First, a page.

KIRO 7 Eyewitness News Investigative Reporter
Posted: 2:41 pm PDT May 7, 2010
Updated: 9:30 am PDT May 9, 2010
SEATTLE — City leaders expressed shock and disappointment Friday at video that first aired on KIRO 7 Eyewitness News showing two Seattle police officers kicking a man as he lay on the ground. The man was detained during a robbery investigation last month.
The two officers have been reassigned as police conduct an investigation amid a firestorm of reaction. And another controversy has arisen over why a Seattle TV station declined to air the video. [See Why Was Police Video Not Shown Earlier?]
The racially charged videotape shows officers stomping on the innocent detainee after they responded to several 911 calls for a report of an armed robbery in the parking lot of a night club near Lake Union.
In the video, a male officer is seen kicking the man who had been ordered to the ground while threatening him with racial slurs. Shortly after, a female officer kicked the man in the back of his leg.
The man was released when the officers realized he was not involved in the reported crime.
Internal Affairs investigators have been looking at accusations of misconduct by the officers since April 17, but Seattle’s interim Police Chief John Diaz kept the allegations out of the public eye until KIRO 7 aired the video, said reporter Chris Halsne.
At City Hall, KIRO 7 spoke with Diaz as he was coming out of the Mayor’s office Friday morning. Diaz is one of nine finalists for the permanent police chief job.
“I do have to say that I’m very disappointed in what has occurred,” Diaz said. See full interview
Diaz said he personally knows the male officer involved in the allegations, but said he has not watched the video to avoid any conflicts.
“In the heat of the moment, people make mistakes but, once again, I understand that. However, we have a strong commitment of insuring that we hold all our officers accountable,” Diaz said.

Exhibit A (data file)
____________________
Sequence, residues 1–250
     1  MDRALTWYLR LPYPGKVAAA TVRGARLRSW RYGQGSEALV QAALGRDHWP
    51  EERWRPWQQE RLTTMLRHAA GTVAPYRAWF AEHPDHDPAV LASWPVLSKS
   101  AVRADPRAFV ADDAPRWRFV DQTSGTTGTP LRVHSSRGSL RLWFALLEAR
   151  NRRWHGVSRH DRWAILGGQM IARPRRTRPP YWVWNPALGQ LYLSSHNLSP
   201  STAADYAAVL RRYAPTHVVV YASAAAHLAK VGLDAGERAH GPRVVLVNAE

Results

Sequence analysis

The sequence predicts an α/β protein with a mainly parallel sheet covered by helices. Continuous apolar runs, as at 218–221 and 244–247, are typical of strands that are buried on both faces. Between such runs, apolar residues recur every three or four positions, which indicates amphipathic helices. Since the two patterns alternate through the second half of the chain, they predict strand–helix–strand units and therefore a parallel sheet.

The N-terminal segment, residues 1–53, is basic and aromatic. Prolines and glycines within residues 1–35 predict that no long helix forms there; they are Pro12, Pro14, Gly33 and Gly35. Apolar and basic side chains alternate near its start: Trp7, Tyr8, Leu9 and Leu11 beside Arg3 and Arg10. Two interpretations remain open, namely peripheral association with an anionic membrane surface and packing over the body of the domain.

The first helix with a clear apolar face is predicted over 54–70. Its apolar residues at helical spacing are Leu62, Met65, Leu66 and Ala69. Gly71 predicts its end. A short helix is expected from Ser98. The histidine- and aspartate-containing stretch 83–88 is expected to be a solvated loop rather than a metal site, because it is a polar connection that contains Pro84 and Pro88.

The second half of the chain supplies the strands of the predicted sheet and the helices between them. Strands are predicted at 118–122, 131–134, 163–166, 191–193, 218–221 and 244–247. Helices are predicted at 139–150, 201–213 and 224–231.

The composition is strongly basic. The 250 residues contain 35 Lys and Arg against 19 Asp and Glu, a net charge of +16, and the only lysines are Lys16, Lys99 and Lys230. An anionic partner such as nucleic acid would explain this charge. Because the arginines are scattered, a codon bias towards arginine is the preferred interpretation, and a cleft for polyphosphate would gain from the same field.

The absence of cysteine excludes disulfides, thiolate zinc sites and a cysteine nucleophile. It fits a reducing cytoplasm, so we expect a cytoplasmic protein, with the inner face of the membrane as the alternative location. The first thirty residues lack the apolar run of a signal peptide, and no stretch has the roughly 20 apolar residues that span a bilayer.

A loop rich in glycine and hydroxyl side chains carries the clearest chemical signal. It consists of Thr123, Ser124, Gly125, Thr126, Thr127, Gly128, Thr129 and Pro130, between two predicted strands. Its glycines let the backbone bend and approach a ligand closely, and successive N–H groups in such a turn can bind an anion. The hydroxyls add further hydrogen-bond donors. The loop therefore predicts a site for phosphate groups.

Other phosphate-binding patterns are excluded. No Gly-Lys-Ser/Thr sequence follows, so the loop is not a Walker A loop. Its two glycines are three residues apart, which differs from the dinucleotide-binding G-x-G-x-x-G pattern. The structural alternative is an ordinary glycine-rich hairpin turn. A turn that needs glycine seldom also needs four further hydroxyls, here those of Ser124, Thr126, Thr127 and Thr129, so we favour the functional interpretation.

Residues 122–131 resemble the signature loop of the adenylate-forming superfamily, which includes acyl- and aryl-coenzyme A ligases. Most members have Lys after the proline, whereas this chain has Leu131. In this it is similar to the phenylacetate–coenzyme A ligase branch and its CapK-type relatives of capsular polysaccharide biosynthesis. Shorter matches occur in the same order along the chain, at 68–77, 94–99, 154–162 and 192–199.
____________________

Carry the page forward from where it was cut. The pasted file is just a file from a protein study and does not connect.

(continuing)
Seattle Mayor Mike McGinn, who earlier this week did not respond to multiple requests from KIRO 7 to speak about the matter, said he did not see the video until Friday morning.
“I saw the video this morning, and spoke to Chief Diaz this morning about it,” McGinn told KIRO 7 Eyewitness News.
Question: “It wasn’t brought to your attention prior to today?”
Mayor: “It wasn’t brought to my attention prior to today.”
Question: “Does that bother you?”
Mayor: (Pause) “I have a very strong relationship with Chief Diaz.”
Sources inside the Seattle Police Department told KIRO 7 the male officer seen kicking the man is Gang Unit Detective Shandy Cobane.
Cobane, who has spent 16 years on the police force, was East Precinct Officer of the Year in 2004 and was named president of the 1994 class at the Basic Law Enforcement Academy.
In another reaction to the video, the locally-based immigrant advocacy group OneAmerica issued a newsletter Friday saying the attack seen in the video was the “latest example of ongoing racial profiling both locally and nationally.”
The story that first aired Thursday night at 11 p.m. has prompted viewers to post dozens of pages of comments, many outraged at what they saw.
“Wow…I don’t even have words….this turned my stomach and made me sick. I am so tired of watching stories of police officers abusing their power and avoiding their real duties,” said poster rkg88.
Meanwhile, the freelance photographer who shot the video told KIRO TV another TV station seemed to want to sweep what they saw under the rug.
The Stranger asks ‘Did Q-13 Fox Suppress Police Brutality Video?’ on its blog.
Morris told KIRO TV that when showed the video to that station, he was told, “We’re definitely not going to run this.”
Morris told KIRO 7 Investigative Reporter Chris Halsne he believes the station declined to run the video to protect police.
“The station has a close relationship with police agencies because it airs Washington’s Most Wanted,” Morris said.
“Washington’s Most Wanted is their money-maker,” he said.
A few days after he shot the video, he was fired, Morris said.
“I’ve shot a lot of news. This, by far, is the most important news story I’ve ever shot,” said Morris.
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